A note about the LED pattern. After reading about color-shadowing issues (the effect of point-light sources of different colors leaving multicolor shadows in the tank) on reef-central, I decided to locate the blue and white LEDs as close to eachother as possible. What you see above are groups of one blue and one white butted (where possible) to one another.
The Power Supply unit:
I lucked out on finding a ‘project box’ for the power supply and drivers. I had an old SFF PC case laying around that I just couldn’t bring myself to throw away. It worked out perfectly in that it’s big enough to put all the components in, and it’s made of aluminum. So it looks good and should be easy enough to keep cool. It’s pretty big, but for this application that will be allright. I plan on adding an arduino to control the drivers via PWM later, so having some extra space will be helpful:
One thing I wanted to mention is that I wired the blower fan in series with the two fans inside the power supply case. That is, the two power supply fans are parallel and then in series with the blower. I did this because while the blower fan has a voltage regulator built in, it gets quite hot when throttling the 24v from the power supply down to the needed 12v. As well, I found that I didn’t need the blower running at full speed to keep things cool. This setup runs very quietly and still moves quite a bit of air. All temps so far seem to be okay so far (haven’t measured exit temps above 90 degrees on the heat sinks).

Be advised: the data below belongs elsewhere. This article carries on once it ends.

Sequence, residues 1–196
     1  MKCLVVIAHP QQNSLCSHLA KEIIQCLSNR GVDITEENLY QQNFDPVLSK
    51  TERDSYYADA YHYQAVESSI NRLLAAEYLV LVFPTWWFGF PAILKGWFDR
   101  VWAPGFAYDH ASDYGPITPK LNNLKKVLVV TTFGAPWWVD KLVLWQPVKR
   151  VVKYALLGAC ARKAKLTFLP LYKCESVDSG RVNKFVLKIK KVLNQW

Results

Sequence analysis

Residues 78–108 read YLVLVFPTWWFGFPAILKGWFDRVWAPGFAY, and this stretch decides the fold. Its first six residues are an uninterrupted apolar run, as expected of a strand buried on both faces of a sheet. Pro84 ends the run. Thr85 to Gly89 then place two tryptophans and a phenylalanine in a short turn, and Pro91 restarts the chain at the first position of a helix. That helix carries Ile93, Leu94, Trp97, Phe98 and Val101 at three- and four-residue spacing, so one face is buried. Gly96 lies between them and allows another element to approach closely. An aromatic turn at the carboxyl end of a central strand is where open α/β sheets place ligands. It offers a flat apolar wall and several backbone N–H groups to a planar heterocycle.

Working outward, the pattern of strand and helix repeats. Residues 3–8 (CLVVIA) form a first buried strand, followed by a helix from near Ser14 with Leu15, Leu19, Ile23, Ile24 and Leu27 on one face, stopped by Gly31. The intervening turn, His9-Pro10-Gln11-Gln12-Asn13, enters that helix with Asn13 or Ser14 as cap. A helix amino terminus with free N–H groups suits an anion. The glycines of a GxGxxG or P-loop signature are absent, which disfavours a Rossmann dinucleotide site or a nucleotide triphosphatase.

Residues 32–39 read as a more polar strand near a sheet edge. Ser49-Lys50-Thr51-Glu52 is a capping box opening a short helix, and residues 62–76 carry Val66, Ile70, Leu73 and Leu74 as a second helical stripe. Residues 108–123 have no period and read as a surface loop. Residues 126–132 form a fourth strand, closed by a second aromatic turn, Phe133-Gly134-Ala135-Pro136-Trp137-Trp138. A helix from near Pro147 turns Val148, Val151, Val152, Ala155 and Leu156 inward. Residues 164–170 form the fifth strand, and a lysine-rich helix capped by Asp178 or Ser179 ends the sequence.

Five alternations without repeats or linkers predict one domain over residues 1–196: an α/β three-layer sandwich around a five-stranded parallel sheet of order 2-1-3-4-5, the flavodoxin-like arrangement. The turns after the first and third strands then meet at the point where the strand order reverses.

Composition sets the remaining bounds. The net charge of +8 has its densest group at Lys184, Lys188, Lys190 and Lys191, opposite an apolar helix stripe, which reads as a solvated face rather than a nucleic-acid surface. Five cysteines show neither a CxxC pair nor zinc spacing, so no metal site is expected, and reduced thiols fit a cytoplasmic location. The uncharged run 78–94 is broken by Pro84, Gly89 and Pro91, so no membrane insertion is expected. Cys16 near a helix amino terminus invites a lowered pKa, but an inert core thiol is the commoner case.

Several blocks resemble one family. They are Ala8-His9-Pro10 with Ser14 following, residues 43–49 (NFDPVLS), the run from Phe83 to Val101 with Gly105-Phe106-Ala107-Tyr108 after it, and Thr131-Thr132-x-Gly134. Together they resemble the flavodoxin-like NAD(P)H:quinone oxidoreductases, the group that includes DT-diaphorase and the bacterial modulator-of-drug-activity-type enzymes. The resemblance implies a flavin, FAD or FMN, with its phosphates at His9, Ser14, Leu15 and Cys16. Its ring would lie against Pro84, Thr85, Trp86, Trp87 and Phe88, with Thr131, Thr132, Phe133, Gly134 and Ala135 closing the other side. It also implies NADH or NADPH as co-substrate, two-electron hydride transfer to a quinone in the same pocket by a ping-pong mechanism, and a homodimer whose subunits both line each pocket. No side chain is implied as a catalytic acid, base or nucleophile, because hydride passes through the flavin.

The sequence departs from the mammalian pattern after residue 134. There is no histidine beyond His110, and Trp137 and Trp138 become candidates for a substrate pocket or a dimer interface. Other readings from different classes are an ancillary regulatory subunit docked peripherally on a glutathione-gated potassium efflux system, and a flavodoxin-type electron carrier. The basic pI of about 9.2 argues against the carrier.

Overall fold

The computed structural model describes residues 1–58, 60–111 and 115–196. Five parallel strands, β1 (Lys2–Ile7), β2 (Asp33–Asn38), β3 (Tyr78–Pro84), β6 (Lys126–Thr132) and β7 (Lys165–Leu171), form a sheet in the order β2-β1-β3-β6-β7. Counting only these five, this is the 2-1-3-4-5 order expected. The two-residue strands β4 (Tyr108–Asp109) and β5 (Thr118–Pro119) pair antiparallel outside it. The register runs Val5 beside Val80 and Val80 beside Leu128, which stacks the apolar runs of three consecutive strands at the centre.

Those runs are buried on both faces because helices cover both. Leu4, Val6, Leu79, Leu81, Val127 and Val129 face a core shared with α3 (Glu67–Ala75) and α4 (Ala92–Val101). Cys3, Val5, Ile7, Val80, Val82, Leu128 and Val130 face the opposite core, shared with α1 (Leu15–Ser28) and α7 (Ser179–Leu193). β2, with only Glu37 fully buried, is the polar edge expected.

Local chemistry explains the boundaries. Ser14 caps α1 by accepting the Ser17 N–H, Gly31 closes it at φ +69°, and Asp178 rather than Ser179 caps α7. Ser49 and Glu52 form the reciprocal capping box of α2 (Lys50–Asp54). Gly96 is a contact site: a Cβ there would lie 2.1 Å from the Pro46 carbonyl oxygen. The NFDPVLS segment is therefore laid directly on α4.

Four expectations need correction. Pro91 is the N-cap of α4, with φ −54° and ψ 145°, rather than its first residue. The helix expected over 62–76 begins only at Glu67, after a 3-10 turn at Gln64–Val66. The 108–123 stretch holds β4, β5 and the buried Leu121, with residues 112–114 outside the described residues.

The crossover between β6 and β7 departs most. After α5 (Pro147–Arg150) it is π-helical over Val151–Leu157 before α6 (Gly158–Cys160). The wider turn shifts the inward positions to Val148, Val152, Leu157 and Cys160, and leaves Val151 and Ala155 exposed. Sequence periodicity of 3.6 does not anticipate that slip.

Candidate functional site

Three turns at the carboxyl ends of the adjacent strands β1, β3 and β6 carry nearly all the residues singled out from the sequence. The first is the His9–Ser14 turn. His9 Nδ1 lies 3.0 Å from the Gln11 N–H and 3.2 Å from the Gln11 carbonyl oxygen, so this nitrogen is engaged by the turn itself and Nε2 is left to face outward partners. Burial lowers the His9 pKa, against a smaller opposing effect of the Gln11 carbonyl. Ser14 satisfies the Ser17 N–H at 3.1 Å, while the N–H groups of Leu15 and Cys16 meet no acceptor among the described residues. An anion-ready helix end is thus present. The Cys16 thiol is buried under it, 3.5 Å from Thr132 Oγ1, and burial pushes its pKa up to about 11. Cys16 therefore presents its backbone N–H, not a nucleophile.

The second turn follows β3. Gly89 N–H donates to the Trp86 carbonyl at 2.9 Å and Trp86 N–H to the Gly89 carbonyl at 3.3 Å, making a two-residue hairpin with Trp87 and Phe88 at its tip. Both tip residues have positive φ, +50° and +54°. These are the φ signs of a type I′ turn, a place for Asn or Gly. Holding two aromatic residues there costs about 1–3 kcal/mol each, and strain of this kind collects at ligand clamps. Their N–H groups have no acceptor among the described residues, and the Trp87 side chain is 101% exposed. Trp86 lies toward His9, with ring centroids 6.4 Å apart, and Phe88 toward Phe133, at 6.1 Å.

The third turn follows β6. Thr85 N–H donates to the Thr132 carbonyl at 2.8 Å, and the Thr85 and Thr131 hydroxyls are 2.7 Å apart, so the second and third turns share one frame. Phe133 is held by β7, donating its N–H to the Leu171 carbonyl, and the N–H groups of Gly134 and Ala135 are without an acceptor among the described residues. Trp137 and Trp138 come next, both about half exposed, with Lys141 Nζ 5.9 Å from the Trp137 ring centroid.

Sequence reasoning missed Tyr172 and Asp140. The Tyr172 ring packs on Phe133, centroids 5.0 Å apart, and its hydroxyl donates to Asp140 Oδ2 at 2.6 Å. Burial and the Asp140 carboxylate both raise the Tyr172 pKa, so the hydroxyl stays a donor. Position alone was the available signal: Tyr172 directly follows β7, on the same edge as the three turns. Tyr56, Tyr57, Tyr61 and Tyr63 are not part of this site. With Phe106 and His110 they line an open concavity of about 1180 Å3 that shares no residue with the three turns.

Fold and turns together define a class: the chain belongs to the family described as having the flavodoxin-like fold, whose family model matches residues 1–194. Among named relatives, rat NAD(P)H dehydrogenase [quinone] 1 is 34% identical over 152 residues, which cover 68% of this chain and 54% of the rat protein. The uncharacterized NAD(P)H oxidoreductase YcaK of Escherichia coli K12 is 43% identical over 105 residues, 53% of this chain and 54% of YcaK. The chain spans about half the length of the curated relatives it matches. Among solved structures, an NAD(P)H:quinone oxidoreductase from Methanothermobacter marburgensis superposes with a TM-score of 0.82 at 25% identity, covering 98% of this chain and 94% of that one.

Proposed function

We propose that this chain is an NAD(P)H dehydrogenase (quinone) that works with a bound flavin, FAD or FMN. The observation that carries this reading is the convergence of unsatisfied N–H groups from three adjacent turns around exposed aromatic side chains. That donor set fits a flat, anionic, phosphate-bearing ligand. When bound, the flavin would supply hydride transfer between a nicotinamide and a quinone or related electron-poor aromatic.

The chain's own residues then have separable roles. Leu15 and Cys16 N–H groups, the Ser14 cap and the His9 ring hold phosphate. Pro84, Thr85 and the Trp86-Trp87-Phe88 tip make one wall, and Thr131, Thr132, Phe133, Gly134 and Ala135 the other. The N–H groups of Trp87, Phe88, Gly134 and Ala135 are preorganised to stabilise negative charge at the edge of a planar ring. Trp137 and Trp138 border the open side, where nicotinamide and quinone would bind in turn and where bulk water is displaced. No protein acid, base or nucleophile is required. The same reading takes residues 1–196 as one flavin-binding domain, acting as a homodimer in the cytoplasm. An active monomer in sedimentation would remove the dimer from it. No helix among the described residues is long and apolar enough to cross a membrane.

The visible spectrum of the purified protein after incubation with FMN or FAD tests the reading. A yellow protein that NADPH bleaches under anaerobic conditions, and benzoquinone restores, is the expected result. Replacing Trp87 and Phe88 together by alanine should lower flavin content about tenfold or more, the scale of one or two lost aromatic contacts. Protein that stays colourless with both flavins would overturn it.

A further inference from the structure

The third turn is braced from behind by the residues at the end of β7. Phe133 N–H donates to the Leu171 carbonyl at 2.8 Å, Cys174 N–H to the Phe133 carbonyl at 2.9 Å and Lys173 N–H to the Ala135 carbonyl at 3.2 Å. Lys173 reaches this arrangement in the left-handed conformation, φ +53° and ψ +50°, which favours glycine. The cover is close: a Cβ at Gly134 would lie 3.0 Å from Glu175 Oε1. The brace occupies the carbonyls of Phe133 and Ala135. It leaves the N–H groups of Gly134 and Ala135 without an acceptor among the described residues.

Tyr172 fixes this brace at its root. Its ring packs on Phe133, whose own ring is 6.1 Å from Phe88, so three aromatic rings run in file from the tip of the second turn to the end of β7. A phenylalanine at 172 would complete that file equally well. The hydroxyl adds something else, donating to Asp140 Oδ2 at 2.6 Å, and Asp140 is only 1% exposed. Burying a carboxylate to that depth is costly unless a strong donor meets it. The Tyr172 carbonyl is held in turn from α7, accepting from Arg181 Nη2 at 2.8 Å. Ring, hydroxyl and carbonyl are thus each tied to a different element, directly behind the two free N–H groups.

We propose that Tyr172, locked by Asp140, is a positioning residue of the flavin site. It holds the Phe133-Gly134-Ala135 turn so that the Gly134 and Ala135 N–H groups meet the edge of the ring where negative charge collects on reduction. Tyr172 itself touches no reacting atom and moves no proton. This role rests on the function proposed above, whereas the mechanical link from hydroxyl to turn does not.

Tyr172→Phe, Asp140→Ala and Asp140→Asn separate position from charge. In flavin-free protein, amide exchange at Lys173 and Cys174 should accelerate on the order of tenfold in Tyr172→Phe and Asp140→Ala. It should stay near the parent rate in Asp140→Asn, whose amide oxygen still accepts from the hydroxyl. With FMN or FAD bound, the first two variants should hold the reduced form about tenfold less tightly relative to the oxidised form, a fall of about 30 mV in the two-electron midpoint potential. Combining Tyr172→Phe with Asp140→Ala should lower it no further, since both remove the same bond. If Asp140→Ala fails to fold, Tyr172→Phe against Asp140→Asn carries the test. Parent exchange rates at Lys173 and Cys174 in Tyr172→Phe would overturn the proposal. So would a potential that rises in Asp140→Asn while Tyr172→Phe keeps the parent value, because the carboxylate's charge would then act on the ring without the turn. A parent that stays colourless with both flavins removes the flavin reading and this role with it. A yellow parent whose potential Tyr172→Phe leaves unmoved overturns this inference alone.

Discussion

Here is the setup installed and operational:
I’m very pleased with both the light quality and output of this retrofit. The perceivable brightness has been greatly increased. I would say that running the dimmers at about 50% is about comparable to stock. I have not yet run this setup at 100% for a long period of time (my understanding is that corals should be acclimated to more intense lighting provided by LEDs). Even once the corals are acclimated, I don’t think I’d want to have the setup running at 100% for too long, it’s just a bit too bright for my liking. Besides, this tank is all softies and LPS right now. Also, being able to dim each channel independently is a must-have, in my opinion. Being able to set the color temperature at will is very cool.
I had quite a bit of success with avoiding color-shadowing by placing the whites and blues right next to each other. However, there is still some perceivable color-shadowing in some areas, but it’s not distracting. I think a certain amount of this is unavoidable in a tank like this.
I plan on controlling the dimming via Arduino at some point. The drivers have both the option for potentiometer dimming (as currently setup) or PWM.